Lucille Rasp, 88, of Shiloh, along with several other family members, were in attendance at the groundbreaking ceremony Friday afternoon on Regency Park Drive in O’Fallon.
“We are happy,” Lucille Rasp said on behalf of her family. Lucille Rasp and her late husband, Lee, sold the property to the health system.
“We feel this part (of the area) really needs a hospital; another hospital besides Memorial,” Lucille Rasp said.
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Memorial Hospital in Belleville is constructing a satellite campus to be known as Memorial Hospital East just miles away from where St. Elizabeth’s has started preliminary work on its new 144-bed hospital.
“It’s really overcrowded,” Lucille Rasp said of the O’Fallon-Shiloh area.
Daughter Rita Kramkowski said her late father would be happy. “He would have been proud,” Kramkowski said.
St. Elizabeth’s CEO Maryann Reese told the crowd gathered under a large white tent near the construction site that the hospital is “changing lives and making our world a better place.”
She acknowledged change is difficult, but St. Elizabeth’s is embarking on a major change, she said, “that will make the care we provide even better.”
Maryann Starmann-Harrison, president and CEO of HSHS, said: “Our dedication to our patients is the reason HSHS is investing $300 million in a new hospital and ambulatory care center on this property. It’s not every day we make a sizable investment. It’s an investment that will yield trans-formative benefits for patients...for years to come.”
The cost for the new hospital is estimated to be $253 million, plus $34 million for the adjacent ambulatory care center.
Starmann-Harrison said the new facility will allow hospital employees to work “more efficiently and have that extra energy to share with our patients and families.
“Our healthcare ministry is about so much more than glass and steel and high-tech equipment,” she said. “It’s about the energy, talents and time we invest to make a difference in people’s lives.”
Bill Lyke, chairman of the hospital’s Board of Directors, said a replacement St. Elizabeth’s Hospital is “necessary in order to provide the best possible healthcare.”
Sister Maureen O’Connor of the Hospital Sisters of St. Francis said, “God has led us to our designated goal, and we have arrived.”
The groundbreaking and blessing ceremony, which was live-streamed to employees at the hospital, was an invitation-only event. Attendees were supporters of the project including members of the Hospital Sisters Health System, which owns St. Elizabeth’s Hospital, Sisters of the Third Order of St. Francis, priests in the Catholic Diocese of Belleville, members of St. Elizabeth’s Hospital board of directors, representatives of Scott Air Force Base, O’Fallon Mayor Gary Graham and state Sen. Kyle McCarter, R-Lebanon.
“This is a great day,” McCarter said after the ceremony. “It’s been a long, hard-fought battle.”
St. Elizabeth’s Hospital’s plans to move to O’Fallon were met with opposition from community members in Belleville as well as Belleville Mayor Mark Eckert and other city officials.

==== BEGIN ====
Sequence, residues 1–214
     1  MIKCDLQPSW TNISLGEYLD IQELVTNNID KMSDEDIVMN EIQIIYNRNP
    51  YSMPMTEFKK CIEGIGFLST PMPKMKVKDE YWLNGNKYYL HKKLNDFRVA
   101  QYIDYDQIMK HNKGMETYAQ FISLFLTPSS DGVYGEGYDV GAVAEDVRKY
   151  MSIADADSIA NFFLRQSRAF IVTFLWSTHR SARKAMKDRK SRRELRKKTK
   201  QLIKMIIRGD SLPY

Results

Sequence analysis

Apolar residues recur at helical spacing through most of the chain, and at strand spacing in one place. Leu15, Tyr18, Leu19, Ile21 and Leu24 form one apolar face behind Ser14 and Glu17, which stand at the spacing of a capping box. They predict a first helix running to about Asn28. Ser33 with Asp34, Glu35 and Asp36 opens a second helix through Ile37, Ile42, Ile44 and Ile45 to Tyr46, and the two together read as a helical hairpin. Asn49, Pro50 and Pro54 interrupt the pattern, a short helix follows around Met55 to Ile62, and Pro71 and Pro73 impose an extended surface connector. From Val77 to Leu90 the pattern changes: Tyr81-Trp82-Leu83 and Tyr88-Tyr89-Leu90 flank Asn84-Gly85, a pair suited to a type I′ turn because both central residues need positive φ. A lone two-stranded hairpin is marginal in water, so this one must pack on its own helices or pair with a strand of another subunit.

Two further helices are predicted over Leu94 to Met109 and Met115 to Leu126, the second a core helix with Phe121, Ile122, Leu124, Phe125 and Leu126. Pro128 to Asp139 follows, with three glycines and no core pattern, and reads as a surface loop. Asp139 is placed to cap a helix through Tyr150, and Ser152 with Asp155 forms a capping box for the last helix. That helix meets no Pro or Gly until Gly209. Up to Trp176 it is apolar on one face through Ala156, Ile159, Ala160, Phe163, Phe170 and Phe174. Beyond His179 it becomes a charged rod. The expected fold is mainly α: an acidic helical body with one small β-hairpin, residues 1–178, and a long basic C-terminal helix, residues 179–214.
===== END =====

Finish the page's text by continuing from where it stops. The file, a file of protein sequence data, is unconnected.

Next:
And the opposition continues. Late last month, the city of Belleville filed a suit asking a judge to overturn the state health board, which approved St. Elizabeth’s plan in April. The city has spent nearly $165,000, so far, to wage its fight against the hospital’s plan to relocate.
“It’s the biggest win for the metro-east,” Graham said, to have two hospitals located near the interstates. He said the St. Louis area has 11 hospitals off the interstates. “We feel bad about Belleville, but we are happy for the county.”
During the ceremony, Reese told Graham: “We look forward to building a stronger relationship with you and the O’Fallon community.”
Reese also said the hospital looks forward to continuing its residency partnership with nearby Scott Air Force Base. “And Scott Air Force Base will have a state-of-the-art medical facility right here on this land,” she said.
Developer Darwin Miles, who also sold land in O’Fallon to HSHS, was also in attendance at the ceremony Friday.
“Today we are witnessing the rising of the western cornerstone of the Illinois medical mile on the I-64 healthcare highway where miracles will happen,” Miles said. “The miracles will be seen in both lifesaving healthcare as well as economy-saving growth.”
Edward Braxton, bishop of the Catholic Diocese of Belleville, assisted by the Rev. James Deiters, a member of the hospital’s board of directors, blessed the hospital’s future site with holy water.
“I, too, share the joy and enthusiasm that has been expressed this afternoon,” Braxton said during his remarks to the crowd.
Reese shared with attendees that the design of the new hospital will incorporate roses. “The St. Elizabeth’s statue will be encircled with a rose garden,” she said, “and roses will be the main theme and etched in much of the glass throughout St. Elizabeth’s Hospital O’Fallon.”
Attendees at the ceremony Friday were given a small container of dirt with a prayer attached to it. They will be invited back to the hospital’s grand opening ceremony to put the dirt from the container in the flower beds outside the facility, according to hospital spokeswoman Kelly Barbeau.
Construction of the hospital is expected to be complete by the end of 2017.
“We plan for healthcare for tomorrow and the next 140 years,” Reese said. “Let’s get ready to build.”